Labial commissures release was planned with inhalational anaesthesia using halothane at 1.0 MAC through 4.0 mm uncuffed endotracheal tube (ET) inserted through partially obliterated right nostril and connected with the Mapleson's circuit with side stream carbon dioxide sampling line attached. The decreased atlanto-occipital extension and decreased maxillopharyngeal angle precluded laryngoscopy or LMA insertion. An adult size bronchoscope airway was inserted and an intubating bronchoscope with 7.0 mm ET (Portex©) threaded on it was advanced through this into the oral cavity. The epiglottis was not visible due to local fibrosis. The glottic opening became visible and further, tracheal lumen was confirmed by visualising the tracheal rings and carina. For fear of displacement of precariously placed bronchoscope by gag reflex, the patient was paralysed using 50 mg of intravenous succinylcholine. The ET was advanced into the trachea under direct vision. Mechanical ventilation and anaesthesia was initiated and maintained with a combination of oxygen, nitrous oxide and halothane. Atracurium in a dose of 0.5 mg/kg was used for muscle relaxation. Intravenous fentanyl (2 mcg/kg) was used for analgesia. Intra-operative period was uneventful and the patient was extubated over an airway exchange catheter when awake and breathing spontaneously after reversal of neuromuscular blockade.
| Discussion|| |
Post-burn contracture patients can be operated by both regional (local) and general anaesthetic technique depending on the burn/scar area, age and weight of the patient, presence of any concomitant disease, skills and preference of operating surgeon, patient's consent and resources availability. Tumescent anaesthesia, though an established technique is not suitable for raw area more than 10% and for patients under 18 years of age. The possible side-effects of large dose of local anaesthetic may cause toxicity.  Three basic considerations before induction of general anaesthesia are, whether to use awake intubation, a percutaneous technique, or maintain spontaneous ventilation.  Airway examination described by el-Ganzouri et al.  is rapidly performed and quantifiable, however becomes out of question in patients such as ours. A prospective study of 148 patients found that when the maxillo-pharyngeal angle is <90±, the difficulty in direct laryngoscopy was comparable to Cormack and Lehane classification Grades III and IV.  Moreover, the decrease in atlanto-occipital distance has long been an established indicator of difficult intubation.  Lateral cervical radiographic assessment is used to predict the difficult laryngoscopy. FOB has been the gold standard for difficult intubations  with the significant advantage of being flexible and steerable, allowing continuous visualization of structures and a high success rate, , reducing the incidence of intubation trauma and post-operative upper airway oedema in patients with anticipated difficult intubation. In patients in whom awake FOB is impossible or those who will not tolerate awake FOB, sedation or general anaesthesia may be necessary. Though inhalational anaesthesia has major advantage of maintaining spontaneous ventilation, while changes in the depth of anaesthesia and associated respiratory and cardiovascular effects occur steadily, there is risk of hypoventilation, upper airway obstruction, and hypoxemia.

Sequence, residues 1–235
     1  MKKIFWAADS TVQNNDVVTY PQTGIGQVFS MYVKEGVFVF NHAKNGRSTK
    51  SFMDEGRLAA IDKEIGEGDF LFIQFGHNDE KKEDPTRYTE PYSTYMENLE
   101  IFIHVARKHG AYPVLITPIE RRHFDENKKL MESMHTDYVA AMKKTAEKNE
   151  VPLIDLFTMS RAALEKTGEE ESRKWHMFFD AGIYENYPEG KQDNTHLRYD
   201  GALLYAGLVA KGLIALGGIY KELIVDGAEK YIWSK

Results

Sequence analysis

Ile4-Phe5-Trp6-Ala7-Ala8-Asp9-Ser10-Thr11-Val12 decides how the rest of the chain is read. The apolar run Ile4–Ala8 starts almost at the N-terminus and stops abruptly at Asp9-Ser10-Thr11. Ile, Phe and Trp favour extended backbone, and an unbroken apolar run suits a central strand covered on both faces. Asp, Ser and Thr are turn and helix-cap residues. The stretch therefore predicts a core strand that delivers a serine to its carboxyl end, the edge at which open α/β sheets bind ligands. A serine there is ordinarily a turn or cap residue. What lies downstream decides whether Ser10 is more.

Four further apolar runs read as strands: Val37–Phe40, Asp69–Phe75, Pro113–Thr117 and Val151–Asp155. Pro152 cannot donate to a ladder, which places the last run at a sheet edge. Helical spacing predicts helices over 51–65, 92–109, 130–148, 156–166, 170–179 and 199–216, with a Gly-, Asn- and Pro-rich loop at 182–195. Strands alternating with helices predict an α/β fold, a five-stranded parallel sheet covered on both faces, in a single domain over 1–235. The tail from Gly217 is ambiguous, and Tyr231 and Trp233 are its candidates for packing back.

In our patient, the nasal route of fibreoptic intubation was unavailable due to fibrosed nostrils and oral FOB is also reported to be technically more difficult.  Furthermore, the gag reflex is more troublesome with the oral than with the nasal route. Various tubular oropharyngeal airways help to keep the FOB in the midline and deliver its tip to the laryngopharynx, prevent the patient from biting the FOB and have a patent airway. VBM Bronchoscope Airway™ intubator allows passage of an ET directly through its anterior channel into the glottis and can be removed by slipping it over the tracheal tube.
| Conclusion|| |
Successful anaesthetic management when the airway is inaccessible and distorted by PBCs and fibrosis mandates planned approach for securing airway, including use of FOB aided by a suitable oral intubating airway customised to the need of individual patients. Rigid protocols may not be the best choice in view of variations in extent and severity of contractures.
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[Figure 1], [Figure 2]